“This is my home, my homeland. If I leave, to whom am I leaving my home, to some criminals? I want to live here too, I want to stroll these streets, breathe this air; this evil is temporary. After all, a homeland is greater than the politicians of today. The war will end and they will leave, and we will remain. I can’t see the future clearly; the wait for changes will be long, a decade, I reckon. But changes are possible. I am afraid of prison, I am afraid that the GULAG will appear again (I would not survive it), and I am afraid that the war will reach my city. If that happens, well then it will be necessary to leave and it would be good to have that opportunity – the chance to live legally in a safe country.”

“It’s not enough just to want to leave. I am on in years, I do not know foreign languages, and I have no money to move. The moral burden of the war weighs on me. I have lost many friends, and I do not see a good future for the country. I am not even trying to divine how this situation will evolve. All the same, I still think that changes for the better are possible, even if I do not know how. I am worried that the war will bring increased criminality, poverty, deterioration, and that medicines will disappear.”

“I can be useful to my family, my child, who refuses to leave as long as I stay. And there is work too, that feeds me in Russia. If you are against the war, publicly it is hard to be yourself…and that is burdensome. You can’t make the jokes you want – and it seems that dangers are growing all around. You need to watch what you say, and where, or best of all, do to speak aloud on any controversial topics. I have stopped planning my future in Russia long-term, I stopped even thinking about buying real estate here: I am trying to organise my life so that, if necessary, it will be possible to leave. Overall, it has become very difficult to plan life. I am pessimistic. I do not see any changes ahead for 2-5 years. It seems that this state of affairs will grind on and on, and drag everyone into a dark bog. Silence is the main survival skill needed for the coming years. I am afraid of ‘enthusiastic’ people who consider my opinions, conduct or quotes on social networks as worthy of punishment. I am afraid of whistleblowers. If a year ago I was certain that the repressive apparatus had no resources available that were a danger to me personally, it is now clear that it is possible to fall victim to somebody’s chance ‘vigilance’.”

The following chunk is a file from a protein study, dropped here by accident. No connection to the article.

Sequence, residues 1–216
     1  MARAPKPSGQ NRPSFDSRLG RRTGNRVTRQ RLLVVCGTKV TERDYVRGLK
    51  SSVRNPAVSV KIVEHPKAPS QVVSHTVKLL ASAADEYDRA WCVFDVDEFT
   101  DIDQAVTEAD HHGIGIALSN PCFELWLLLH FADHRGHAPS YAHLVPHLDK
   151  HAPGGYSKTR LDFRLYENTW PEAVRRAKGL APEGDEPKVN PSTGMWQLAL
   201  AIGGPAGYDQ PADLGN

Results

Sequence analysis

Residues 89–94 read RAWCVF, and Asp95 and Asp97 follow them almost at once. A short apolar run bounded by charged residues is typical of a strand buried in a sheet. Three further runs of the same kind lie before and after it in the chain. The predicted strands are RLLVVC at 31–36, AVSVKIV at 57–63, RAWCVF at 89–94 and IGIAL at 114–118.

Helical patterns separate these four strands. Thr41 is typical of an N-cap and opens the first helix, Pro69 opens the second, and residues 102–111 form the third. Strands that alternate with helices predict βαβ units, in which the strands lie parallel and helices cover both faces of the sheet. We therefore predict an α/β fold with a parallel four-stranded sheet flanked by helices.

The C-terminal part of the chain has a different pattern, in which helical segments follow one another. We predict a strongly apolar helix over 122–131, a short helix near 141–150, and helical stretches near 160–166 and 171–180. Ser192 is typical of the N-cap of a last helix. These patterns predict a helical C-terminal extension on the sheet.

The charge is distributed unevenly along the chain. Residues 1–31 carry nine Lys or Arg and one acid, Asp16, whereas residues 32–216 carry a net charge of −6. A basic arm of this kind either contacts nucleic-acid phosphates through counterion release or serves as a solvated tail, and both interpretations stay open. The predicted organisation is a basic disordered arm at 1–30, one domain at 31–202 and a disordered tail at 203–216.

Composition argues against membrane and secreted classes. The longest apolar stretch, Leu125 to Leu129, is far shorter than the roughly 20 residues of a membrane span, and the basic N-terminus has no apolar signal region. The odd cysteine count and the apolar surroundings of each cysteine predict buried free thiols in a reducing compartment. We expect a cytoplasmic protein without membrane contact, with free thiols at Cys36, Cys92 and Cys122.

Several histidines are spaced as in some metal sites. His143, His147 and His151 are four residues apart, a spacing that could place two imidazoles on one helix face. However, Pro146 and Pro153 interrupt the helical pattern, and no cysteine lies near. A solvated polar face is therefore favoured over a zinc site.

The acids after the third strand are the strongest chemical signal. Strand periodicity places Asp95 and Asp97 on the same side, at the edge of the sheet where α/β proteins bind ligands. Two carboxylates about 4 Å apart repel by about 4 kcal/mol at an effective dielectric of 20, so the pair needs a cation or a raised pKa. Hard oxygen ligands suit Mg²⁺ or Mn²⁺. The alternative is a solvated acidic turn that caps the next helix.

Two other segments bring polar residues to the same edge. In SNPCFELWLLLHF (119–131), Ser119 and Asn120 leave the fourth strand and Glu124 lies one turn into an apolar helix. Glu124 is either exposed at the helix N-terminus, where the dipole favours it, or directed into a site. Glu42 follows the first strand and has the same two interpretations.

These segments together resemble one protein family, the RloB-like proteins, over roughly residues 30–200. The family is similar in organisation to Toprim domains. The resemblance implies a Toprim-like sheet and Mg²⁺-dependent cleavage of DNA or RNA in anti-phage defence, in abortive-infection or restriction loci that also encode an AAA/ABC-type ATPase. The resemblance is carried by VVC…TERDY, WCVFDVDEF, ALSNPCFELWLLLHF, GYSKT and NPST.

“I still want to do something to improve life in Russia. Not everyone who is against the war, is able or wants to leave. Some try to resist, create civil society, organise support groups – this is all still possible, and important. Of course, any planning these days is complicated, but one wants to hope that positive changes are possible, and they depend on us. I am afraid of criminal prosecution, police brutality, and isolation from the rest of the world. I wish that Russians could read and watch foreign media that are blocked in Russia. It is also important that in the wider world people know about and remember anti-war Russians. We are here – we exist.”

Part Two